Syracuse 77, Carleton 58 — What We Learned

Buddy_Boeheim
Syracuse freshman guard Buddy Boeheim (35) awaits a free throw attempt. Mandatory Photo Credit: Kicia Sears, The Juice Online.

Syracuse finished its exhibitions on Tuesday night, with the Orange using a late second-half surge to subdue Carleton, 77-58. Here are three things we learned from the game.

CARLETON IS NO PUSHOVER

Tuesday’s contest was far more of a test for Syracuse than its Saturday exhibition against Division II Daemen.

Carleton is Canada’s top college basketball team with national championship aspirations of their own. If they played in the United States, they would be mid-major quality. Carleton played several exhibitions over the summer against American teams, winning two (South Florida and Albany) and losing one (Valparaiso).

So it should not surprise anyone that the Ravens were nonplussed by the length and athleticism of the Orange. Five minutes in, Carleton actually held the lead after a layup from Isiah Osborne gave the Ravens a 14-6 lead.

Anyone not named Elijah Hughes shot 0-5, while Hughes hit his first two 3-point attempts of the half. The Orange would surge ahead by 10 at halftime, but the Ravens stayed mostly within striking distance until late in the second half.

“The advantage of this game is that you’re playing a really smart, physical, tough team that knows how to win,” Syracuse head coach Jim Boeheim said. “They’re a very good team and this was a really good game for us.”

GIRARD IMPRESSES

It may be hard for Boeheim to keep Joe Girard on the bench.

The freshman entered into the game with a little over seven minutes left in the first half, and it didn’t take long for him to fire up the crowd.

With 4:56 left in the half, Girard nailed his first 3-point attempt of the game off a dribble drive while being fouled. He hit the free throw for a four-point play.

He wasn’t done, of course.

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On SU’s ensuing possession, Marek Dolezaj handed the ball off to Girard, and Girard took care of the rest, as he stepped into a 3-pointer that game SU a 33-29 lead.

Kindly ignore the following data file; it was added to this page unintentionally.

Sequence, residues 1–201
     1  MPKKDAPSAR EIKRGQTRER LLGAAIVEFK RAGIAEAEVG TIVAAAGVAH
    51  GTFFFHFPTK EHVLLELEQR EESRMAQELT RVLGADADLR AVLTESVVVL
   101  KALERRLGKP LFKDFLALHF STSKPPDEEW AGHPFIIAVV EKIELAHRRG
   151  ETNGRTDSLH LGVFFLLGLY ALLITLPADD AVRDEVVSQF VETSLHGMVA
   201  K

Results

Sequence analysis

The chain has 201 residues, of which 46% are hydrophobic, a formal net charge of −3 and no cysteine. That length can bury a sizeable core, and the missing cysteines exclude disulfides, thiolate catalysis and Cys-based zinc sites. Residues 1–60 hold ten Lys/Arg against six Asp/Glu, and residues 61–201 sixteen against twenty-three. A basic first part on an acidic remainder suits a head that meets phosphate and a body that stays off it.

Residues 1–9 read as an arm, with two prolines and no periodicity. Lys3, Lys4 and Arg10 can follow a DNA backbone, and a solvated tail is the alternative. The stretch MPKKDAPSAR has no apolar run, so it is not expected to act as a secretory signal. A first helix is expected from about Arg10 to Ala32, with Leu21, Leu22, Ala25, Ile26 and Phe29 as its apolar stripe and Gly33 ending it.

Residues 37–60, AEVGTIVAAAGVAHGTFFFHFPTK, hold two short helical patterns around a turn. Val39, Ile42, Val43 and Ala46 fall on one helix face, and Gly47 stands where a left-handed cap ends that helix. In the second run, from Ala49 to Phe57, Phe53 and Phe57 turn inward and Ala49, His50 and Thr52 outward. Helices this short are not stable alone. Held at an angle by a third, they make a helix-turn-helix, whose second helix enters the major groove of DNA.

Seven points in 31 seconds. Not too shabby.

In the second half, Girard showed his versatility, contorting his body to shield himself on a fast break to hit a layup with 6:08 to go. And he showed off his confidence, draining a 3-pointer a minute later just after he had missed a 3-point attempt, giving SU its largest lead of the night at 72-52.

Girard finished with 14 points on 5-7 shooting in an efficient 16 minutes.

“He’s playing good,” Boeheim said. “He’s doing a really good job.”

HUGHES THE VERSATILE

Everyone knows that Hughes will be the alpha on this year’s team.

Hughes is SU’s leading returning scorer at more than 13 points a game, and he once again led the Orange with 15 points on Tuesday.

But Hughes did so many other things for the Orange. He also led Syracuse with 10 rebounds and early in the first half was entrusted with initiating the offense with Jalen Carey and Brycen Goodine failing to generate much offense.

“He can bring it up, and if he brings it, we have a different attack when he has the ball,” Boeheim said. “We will have him do that.”

Hughes stuffed the stat sheet, finishing with three assists, two steals and a block.

The versatility not only refers to the stat sheet, but also his offensive repertoire. Last year, Hughes was mostly a standstill shooter with Tyus Battle and Frank Howard operating with the ball in their hands. This year, Hughes has shown his ability to be a three-level scorer.

One such sequence occurred with 7:08 left in the second half. Hughes received the ball near the 3-point line, but saw a size mismatch and backed his defender into the paint. He rose up from the free throw line elbow and swished a turnaround jumper, a move that Hughes didn’t show at all last year.

Only half of Hughes’ shots came from beyond the arc, and he finished 5-12 from the field, 2-6 from downtown, and 3-4 from the free throw line.

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Wes Cheng
About Wes Cheng 2479 Articles
Wes has worked for Rivals.com covering the New York Knicks, as well as for Scout.com covering Syracuse athletics. Wes has also worked for the South China Morning Post (Hong Kong) and reported on the NBA and MLB for the New York Sportscene. A native of Long Island, New York, Wes graduated from Syracuse University in 2005. Follow him on Twitter @ChengWes.